Giving Compass' Take:
- Beth Schwartzapfel highlights the challenges of prison finances as incarcerated people struggle to make the money they need to acquire essentials.
- What role can you play in protecting incarcerated people from financial exploitation?
- Learn about what companies are profiting off of incarcerated people in your area.
What is Giving Compass?
We connect donors to learning resources and ways to support community-led solutions. Learn more about us.
People in prison get “three hots and a cot,” right? So, what do they need money for? A lot, it turns out.
Prisons typically provide the bare minimum when it comes to food, clothes, shoes and hygiene supplies. Some states provide items such as toothpaste, soap and limited amounts of letter-writing supplies only to the “indigent,” or those who have little to no money. Other goods that many would consider necessities — deodorant, shampoo, sneakers, thermal clothes for winter — are often only available to people who can afford them.
But earning enough from a prison job is nearly impossible: The average prison wage maxes out at 52 cents per hour, according to a new ACLU analysis, and many people make pennies per hour. That means that basics, like a $3 tube of toothpaste, can take days of work to afford. If you get paid, that is. In at least six states — Alabama, Arkansas, Georgia, Mississippi, South Carolina and Texas — most prisoners aren’t paid at all for their labor.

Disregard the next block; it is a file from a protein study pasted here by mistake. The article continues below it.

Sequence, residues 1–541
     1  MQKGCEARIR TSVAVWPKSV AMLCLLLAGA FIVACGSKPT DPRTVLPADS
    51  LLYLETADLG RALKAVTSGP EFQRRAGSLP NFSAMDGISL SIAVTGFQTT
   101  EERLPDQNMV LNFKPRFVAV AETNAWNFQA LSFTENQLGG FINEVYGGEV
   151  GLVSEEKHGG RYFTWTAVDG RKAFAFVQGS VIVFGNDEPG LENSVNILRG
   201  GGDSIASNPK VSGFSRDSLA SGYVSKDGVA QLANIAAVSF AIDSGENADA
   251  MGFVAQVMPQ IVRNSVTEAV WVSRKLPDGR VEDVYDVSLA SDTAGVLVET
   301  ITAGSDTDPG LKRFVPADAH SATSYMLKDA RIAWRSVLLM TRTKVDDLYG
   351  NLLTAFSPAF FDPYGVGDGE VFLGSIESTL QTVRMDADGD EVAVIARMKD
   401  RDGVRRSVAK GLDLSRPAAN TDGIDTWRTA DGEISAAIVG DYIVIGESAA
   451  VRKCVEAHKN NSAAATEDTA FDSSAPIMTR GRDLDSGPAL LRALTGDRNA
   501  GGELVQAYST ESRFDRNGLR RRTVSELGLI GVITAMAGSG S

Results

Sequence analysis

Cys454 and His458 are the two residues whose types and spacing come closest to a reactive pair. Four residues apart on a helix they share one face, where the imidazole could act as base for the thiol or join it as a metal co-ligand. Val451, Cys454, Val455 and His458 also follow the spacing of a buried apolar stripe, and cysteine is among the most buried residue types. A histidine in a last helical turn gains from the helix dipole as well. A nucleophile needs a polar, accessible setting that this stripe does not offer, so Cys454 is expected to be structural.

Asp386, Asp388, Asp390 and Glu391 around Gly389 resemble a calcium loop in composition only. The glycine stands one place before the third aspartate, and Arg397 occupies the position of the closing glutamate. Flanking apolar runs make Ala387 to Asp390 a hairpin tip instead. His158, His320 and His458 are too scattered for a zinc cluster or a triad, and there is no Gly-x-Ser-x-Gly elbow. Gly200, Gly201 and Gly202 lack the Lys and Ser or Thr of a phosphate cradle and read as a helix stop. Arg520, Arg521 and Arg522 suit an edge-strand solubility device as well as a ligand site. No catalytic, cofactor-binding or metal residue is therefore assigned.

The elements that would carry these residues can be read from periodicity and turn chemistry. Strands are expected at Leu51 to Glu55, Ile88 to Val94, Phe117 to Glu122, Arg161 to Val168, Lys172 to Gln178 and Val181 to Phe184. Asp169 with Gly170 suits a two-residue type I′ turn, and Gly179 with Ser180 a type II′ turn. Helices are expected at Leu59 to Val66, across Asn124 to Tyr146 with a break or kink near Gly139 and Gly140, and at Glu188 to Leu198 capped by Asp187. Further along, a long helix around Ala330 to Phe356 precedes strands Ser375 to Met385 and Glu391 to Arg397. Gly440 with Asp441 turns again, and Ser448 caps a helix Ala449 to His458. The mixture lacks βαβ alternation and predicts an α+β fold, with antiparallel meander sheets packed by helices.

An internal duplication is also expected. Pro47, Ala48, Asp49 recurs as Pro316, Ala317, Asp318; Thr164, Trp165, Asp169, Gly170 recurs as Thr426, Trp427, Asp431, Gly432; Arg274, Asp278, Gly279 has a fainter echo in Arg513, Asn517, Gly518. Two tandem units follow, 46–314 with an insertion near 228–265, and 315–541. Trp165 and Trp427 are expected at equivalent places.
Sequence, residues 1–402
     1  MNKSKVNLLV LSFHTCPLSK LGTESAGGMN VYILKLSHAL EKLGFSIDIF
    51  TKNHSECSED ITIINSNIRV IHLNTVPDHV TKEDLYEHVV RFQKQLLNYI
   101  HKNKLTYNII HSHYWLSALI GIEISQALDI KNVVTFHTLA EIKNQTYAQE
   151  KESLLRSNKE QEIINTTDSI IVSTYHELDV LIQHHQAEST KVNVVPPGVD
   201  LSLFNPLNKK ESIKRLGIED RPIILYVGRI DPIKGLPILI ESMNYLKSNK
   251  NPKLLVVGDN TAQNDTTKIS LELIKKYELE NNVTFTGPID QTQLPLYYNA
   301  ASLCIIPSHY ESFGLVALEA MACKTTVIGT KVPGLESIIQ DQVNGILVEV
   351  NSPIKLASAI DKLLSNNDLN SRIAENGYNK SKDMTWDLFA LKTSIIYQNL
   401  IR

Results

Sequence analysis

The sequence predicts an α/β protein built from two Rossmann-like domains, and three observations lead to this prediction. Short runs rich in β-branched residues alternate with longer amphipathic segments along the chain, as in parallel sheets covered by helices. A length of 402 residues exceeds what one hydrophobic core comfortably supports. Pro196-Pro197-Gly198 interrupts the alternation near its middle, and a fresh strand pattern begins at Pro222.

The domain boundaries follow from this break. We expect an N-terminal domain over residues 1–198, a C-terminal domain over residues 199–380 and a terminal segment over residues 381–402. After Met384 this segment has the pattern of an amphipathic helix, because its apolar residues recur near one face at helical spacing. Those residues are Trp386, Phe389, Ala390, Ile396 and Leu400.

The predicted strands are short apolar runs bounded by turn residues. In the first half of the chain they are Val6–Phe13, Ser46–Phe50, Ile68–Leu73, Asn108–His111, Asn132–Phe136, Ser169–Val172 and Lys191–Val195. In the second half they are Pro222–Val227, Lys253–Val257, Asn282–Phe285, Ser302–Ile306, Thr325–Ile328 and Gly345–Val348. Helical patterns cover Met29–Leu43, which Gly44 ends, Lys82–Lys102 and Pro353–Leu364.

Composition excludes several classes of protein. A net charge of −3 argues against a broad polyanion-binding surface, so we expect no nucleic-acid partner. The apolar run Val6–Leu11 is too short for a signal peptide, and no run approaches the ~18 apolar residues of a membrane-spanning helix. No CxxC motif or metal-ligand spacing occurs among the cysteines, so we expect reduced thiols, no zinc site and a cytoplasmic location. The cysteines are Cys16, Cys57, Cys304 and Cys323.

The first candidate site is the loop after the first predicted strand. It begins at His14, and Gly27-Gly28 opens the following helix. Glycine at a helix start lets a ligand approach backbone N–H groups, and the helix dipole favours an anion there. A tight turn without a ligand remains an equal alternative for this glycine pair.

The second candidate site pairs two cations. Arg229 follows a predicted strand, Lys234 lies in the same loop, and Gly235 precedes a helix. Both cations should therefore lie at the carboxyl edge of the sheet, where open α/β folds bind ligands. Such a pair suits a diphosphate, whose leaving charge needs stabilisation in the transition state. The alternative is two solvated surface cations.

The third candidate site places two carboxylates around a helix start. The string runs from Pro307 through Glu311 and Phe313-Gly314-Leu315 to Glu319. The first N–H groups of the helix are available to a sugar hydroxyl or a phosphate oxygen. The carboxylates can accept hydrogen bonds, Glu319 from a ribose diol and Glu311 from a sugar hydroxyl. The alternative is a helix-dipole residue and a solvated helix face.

To make up for their paltry wages, people in prison often take part in a thriving underground economy of side hustles, bartering stamps or commissary items for everything from hand-drawn greeting cards to makeshift home cooking to legal help.
In recent months, The Marshall Project has corresponded with dozens of incarcerated people about the money they make, the money they spend and the lengths to which they go to secure basic needs and comforts. We asked several people to log their transactions for us; they also sent receipts and monthly account statements for commissary purchases. Along with that information, we gathered commissary catalogs and conducted email and phone interviews about their official prison jobs and side hustles. Most are serving long sentences for serious crimes; some have spent decades behind bars.
Read their stories to learn how they navigate and survive, often through sheer determination and ingenuity, the harsh reality of prison economics.
Read the full article about prison economics by Beth Schwartzapfel at The Marshall Project.